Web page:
Another weekend in December - another Christmas time-travel experience...
|That's our home - the white one |
(This photo from the Fort Wayne website)
Historic Fort Wayne is located in downtown Detroit and is situated on the Detroit River at a point where it is about a mile to the Canadian shore. The original 1848 limestone barracks (with later brick additions) still stands, as does the 1845 Star fortification (renovated in 1863 with brick exterior facing). On the fort grounds but exterior to the original star fort are additional barracks, officers quarters, hospital, shops, recreation building, commissary, guard house, garage, and stables.
|Our entrance way - quite elegant, |
wouldn't you say?
The star fort today is substantially similar to the original construction, although some changes have been made.
It's here that annual Civil War reenactments take place during the summer months. It's also here during December that a semi-annual Christmas living history event will also take place known as Christmas at the Fort.
(The above was taken from Wikipedia)
|Ready to begin our |
Christmas Eve 1861 celebration
On December 10th of this year a number of us donned our period clothing and brought the past to life for a few hundred tourists that took a scheduled tour, stopping at different locations to learn of Christmas celebrations past. They visited the barracks where Civil War soldiers were shown participating in the same activities they would have done a hundred and fifty years ago. They also stopped at a home to show what it was like for southern families during that time.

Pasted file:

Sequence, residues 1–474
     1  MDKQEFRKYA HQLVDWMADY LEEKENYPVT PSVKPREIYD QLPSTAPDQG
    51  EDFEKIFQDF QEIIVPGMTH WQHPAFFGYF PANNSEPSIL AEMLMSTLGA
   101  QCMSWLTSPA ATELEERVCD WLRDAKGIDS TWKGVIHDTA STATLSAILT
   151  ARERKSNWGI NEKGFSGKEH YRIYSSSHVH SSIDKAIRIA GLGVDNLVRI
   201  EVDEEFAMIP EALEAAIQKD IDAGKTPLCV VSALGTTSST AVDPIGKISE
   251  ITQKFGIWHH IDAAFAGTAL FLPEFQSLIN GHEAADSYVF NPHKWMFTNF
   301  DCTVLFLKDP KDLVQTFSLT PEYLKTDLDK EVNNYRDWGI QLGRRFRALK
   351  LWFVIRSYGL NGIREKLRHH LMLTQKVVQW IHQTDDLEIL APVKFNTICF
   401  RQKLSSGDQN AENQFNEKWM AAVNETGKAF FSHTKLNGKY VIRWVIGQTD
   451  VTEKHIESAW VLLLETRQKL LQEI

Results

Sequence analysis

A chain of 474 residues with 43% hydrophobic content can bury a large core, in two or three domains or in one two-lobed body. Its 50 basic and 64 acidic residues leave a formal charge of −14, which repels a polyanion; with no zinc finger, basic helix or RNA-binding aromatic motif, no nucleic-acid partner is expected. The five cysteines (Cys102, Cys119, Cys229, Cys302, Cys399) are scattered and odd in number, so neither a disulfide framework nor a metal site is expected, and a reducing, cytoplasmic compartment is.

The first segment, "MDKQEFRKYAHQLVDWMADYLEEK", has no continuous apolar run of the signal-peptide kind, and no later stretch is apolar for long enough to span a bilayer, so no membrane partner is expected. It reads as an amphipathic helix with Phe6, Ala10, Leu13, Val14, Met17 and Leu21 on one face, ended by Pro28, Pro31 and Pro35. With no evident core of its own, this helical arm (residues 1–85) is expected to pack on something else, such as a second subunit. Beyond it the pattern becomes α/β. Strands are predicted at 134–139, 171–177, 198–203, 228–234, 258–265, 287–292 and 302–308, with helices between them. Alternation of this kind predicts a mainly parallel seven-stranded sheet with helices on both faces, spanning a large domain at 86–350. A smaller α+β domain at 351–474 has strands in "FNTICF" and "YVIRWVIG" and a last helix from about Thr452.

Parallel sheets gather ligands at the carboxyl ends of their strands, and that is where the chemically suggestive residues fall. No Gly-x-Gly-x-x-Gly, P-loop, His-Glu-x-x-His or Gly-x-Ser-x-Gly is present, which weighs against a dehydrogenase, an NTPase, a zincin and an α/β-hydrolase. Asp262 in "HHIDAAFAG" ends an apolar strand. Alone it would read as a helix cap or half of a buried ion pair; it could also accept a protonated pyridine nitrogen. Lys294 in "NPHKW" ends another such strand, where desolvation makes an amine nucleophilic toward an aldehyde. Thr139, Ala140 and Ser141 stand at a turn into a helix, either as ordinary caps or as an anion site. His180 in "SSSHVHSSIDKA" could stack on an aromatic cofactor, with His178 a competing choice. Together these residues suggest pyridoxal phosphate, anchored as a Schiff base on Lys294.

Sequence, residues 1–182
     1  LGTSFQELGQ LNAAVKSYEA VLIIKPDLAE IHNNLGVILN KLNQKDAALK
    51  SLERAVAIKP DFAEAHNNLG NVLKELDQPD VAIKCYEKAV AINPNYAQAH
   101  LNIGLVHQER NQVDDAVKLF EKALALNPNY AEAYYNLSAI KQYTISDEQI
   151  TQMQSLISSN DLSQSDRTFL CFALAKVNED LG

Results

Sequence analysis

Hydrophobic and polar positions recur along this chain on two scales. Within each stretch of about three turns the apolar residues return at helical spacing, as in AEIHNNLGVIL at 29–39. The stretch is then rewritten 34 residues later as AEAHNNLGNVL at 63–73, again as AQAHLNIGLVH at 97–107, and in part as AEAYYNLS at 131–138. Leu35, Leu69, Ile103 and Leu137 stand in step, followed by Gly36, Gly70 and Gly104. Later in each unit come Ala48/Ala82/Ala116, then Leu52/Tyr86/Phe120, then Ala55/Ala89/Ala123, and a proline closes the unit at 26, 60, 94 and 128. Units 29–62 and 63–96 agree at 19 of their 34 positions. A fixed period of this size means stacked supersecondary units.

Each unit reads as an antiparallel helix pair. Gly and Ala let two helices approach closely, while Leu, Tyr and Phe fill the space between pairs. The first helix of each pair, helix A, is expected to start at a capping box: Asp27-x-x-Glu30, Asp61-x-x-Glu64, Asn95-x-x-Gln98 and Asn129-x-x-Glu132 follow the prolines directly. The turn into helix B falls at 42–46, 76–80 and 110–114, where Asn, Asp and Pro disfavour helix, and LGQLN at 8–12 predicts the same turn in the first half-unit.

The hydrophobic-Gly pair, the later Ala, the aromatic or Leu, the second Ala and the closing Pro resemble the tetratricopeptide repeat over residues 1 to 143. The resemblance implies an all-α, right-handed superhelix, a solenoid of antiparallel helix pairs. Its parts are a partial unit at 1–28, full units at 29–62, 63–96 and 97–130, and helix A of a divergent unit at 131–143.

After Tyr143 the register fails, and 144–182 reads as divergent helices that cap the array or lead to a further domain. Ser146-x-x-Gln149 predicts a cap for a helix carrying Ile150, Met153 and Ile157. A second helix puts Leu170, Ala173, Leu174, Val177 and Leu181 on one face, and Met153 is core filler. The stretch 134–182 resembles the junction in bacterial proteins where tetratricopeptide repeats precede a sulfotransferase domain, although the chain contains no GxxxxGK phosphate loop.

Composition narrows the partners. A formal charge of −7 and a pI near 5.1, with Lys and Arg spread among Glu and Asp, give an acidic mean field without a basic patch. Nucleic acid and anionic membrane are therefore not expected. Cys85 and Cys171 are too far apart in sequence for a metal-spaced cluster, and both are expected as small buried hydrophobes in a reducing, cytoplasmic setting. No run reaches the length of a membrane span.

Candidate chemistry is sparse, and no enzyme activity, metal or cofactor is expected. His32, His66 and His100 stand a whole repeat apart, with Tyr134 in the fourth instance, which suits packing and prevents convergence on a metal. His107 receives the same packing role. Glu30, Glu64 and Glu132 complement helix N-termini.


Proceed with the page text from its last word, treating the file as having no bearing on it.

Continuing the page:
I was part of a group stationed inside a very elegant commander's home, though our scenario wasn't about the commander; it was to show how a well-to-do northern family would have celebrated Christmas Eve.
The house was as ornate and elegant as any Victorian home I have seen, and we got to call it "home"!
|Family and friends gathered in our front parlor |
to enjoy this joyous holiday
This was a unique presentation, for the group of visitors were not allowed to roam throughout the home and speak to the various living historians. They, instead, were able to stand in the doorways of the various rooms to peak in and see the 1860's in action. While they did this, one from our group would quietly get up from our activity and move over to where the visitors were and speak of how we were celebrating Christmas.
|Yes, we were ghosts of Christmas Past |
to the visitors from the future
I must say, this was a bit difficult to do as a presenter. We normally ask if there are any questions or employ the help of another reenactor in a sort of tag-team presentation. We're not used to just ending our speech and walking away. So, we kind of did a combination of the two. It worked well but it is my hope that should we do this again next Christmas that we re-visit this goal and see if we can make it kind of an ethereal presentation.
|We gathered 'round the pump organ |
and sang Christmas carols
|Our servant girl continued doing what |
she was paid to do, especially on Christmas Eve!
On a side note, as we gathered all of our participants together for a group photo, one elegantly dressed woman told the domestic, "Servants in the back!"
The young lady obliged.
Yes, we do take our fun seriously.
|Posing for a photograph - |
this is what WE saw
|Posing for a photograph - |
this is what the future sees
And now my wish, my dream, my prayer seems to be coming true.
I never thought I'd see the day...
~If you would like to see more photos of this event, please click HERE to see photographer Ian Kushnir's picture album on Facebook~